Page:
And more broadly, like other historians, I have my stable of favorite books that don’t necessarily have to be about things I work on myself. A couple of these books are: Mikiso Hane’s Peasants, Rebels, and Outcasts, which is about the underside of modern Japan. It looks not just at the Meiji miracle but who paid the price for Japan to modernize: coal miners, women working in textile mills, and young women who are sent away as prostitutes to Southeast Asian ports, the so-called karayuki-san. I found that book very affecting and important in thinking through my own work. There are other works such as Iris Chang’s Rape of Nanking, which looks at a particular moment in history, the Japanese invasion of China in 1937, through very sensitive eyes, and Janet Abu-Lughod’s Before European Hegemony, looking at the Asian world-system and how that knit together. And right now, I’m reading Alfred Crosby’s Ecological Imperialism. I’ve read it before, but I’m re-reading it currently because it re-pays reading over and over again with new details that you hadn’t noticed before. This book looks at plants, animals, and microbes, and how the planet changes when all these things move in either pre-meditated or spontaneous ways across global spaces. It focuses most directly on what is brought in transit both on purpose and by accident and how that changes the flows of human history. This thesis has been challenged, re-interpreted, and bandied about by a large number of different scholars, so that book is one that I really do admire.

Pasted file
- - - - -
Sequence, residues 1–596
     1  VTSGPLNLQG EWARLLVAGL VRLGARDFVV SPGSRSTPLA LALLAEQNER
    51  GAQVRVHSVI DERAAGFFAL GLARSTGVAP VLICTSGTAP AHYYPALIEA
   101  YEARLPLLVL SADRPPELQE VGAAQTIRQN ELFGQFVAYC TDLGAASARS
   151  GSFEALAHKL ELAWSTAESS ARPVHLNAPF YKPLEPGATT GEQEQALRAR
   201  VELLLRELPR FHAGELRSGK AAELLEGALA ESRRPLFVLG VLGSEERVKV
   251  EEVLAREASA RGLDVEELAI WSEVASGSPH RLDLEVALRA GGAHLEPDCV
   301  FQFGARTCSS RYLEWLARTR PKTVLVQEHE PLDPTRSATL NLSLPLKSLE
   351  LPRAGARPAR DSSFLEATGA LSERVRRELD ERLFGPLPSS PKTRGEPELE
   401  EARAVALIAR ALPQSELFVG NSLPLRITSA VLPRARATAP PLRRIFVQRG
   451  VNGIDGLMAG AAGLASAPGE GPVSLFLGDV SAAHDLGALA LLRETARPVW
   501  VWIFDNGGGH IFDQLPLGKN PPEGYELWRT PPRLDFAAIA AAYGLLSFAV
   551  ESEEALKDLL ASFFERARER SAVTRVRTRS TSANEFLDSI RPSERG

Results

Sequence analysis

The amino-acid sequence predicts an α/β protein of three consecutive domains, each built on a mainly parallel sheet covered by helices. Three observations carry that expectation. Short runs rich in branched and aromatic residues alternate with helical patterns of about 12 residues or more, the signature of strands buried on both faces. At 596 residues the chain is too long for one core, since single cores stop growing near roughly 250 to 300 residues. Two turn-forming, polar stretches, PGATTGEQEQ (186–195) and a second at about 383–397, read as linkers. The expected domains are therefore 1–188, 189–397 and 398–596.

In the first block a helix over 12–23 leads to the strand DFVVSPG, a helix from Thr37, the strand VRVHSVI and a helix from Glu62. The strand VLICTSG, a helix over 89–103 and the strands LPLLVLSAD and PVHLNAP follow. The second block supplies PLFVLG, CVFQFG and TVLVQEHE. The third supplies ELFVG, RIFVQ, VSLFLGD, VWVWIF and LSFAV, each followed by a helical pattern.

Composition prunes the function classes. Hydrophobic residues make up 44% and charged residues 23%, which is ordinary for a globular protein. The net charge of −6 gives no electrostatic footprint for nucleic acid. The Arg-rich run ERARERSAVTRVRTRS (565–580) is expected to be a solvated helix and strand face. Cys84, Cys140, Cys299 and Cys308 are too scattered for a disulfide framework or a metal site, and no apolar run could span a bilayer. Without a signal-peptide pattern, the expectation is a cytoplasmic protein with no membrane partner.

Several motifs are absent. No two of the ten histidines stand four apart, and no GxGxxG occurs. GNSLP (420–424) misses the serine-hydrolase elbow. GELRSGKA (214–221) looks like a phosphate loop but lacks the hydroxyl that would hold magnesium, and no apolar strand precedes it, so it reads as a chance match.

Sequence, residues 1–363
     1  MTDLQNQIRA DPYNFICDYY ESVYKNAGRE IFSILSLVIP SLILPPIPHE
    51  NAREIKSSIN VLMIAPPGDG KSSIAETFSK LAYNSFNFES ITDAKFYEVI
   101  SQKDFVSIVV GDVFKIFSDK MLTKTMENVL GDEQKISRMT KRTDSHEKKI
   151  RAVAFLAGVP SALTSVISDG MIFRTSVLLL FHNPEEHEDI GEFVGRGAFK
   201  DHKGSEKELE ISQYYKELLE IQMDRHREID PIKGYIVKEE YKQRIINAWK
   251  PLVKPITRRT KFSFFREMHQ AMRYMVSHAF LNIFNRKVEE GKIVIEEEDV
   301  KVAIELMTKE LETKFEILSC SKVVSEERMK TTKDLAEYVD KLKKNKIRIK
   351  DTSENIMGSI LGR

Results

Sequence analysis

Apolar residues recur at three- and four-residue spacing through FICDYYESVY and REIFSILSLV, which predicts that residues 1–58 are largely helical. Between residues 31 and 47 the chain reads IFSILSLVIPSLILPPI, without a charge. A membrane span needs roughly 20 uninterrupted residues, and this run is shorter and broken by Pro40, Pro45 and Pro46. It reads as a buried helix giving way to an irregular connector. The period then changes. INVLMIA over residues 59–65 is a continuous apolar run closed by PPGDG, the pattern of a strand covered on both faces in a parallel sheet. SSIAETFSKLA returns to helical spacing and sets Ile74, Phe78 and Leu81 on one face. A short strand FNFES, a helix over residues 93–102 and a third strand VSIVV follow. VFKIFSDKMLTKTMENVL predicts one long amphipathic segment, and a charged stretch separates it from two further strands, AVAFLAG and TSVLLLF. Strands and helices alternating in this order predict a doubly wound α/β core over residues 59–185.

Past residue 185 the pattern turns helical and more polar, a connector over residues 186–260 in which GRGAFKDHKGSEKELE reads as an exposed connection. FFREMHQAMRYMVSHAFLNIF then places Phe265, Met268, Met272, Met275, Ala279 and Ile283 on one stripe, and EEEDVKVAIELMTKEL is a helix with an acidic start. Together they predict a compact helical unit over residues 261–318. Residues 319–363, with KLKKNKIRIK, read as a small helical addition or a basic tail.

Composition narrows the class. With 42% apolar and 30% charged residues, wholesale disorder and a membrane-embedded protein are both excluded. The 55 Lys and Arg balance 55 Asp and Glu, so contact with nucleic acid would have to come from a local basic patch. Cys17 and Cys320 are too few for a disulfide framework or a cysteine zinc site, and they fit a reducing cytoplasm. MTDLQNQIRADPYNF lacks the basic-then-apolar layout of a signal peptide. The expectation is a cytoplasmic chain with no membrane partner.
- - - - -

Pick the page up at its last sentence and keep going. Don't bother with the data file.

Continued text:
MATTHEW BOWSER: The field of Indian Ocean studies is still in its infancy. How do you see your own research shifting in your future projects? What are you working on currently?

ERIC TAGLIACOZZO: Well, my first book started on Southeast Asia, but it ended up being a big picture book on three thousand kilometers of frontier between what was emerging as British Southeast Asia and Dutch Southeast Asia in the second half of the nineteenth century into the twentieth century, from about 1865 to 1915. Then my second book moved away from the history of smuggling, and moved toward the history of the hajj, and that was even larger in scope: that book was for all of Southeast Asia for a time period of about seven hundred years, looking at these radials stretching between Southeast Asia and Mecca and Medina. And now, my third book, which I’m trying to finish up now, is even larger, unfortunately; I seem to be moving in the same direction here over time in terms of scope. This book is a history of the sea in Asia, basically from Istanbul all the way to Tokyo, and it’s about five hundred years or so of looking at ways that the sea knit together the history of Asia writ large. Of course it’s not a history of every ship that ever sailed in Asia; it’s conceptual, so it looks at the history of the sea in Asia through different kinds of windows: through the environment, through technology, there’s a subsection called “Religion on the Tides,” long-distance trade, etc. So it’s even more big picture, and I seem to be moving more and more in this direction as time goes on.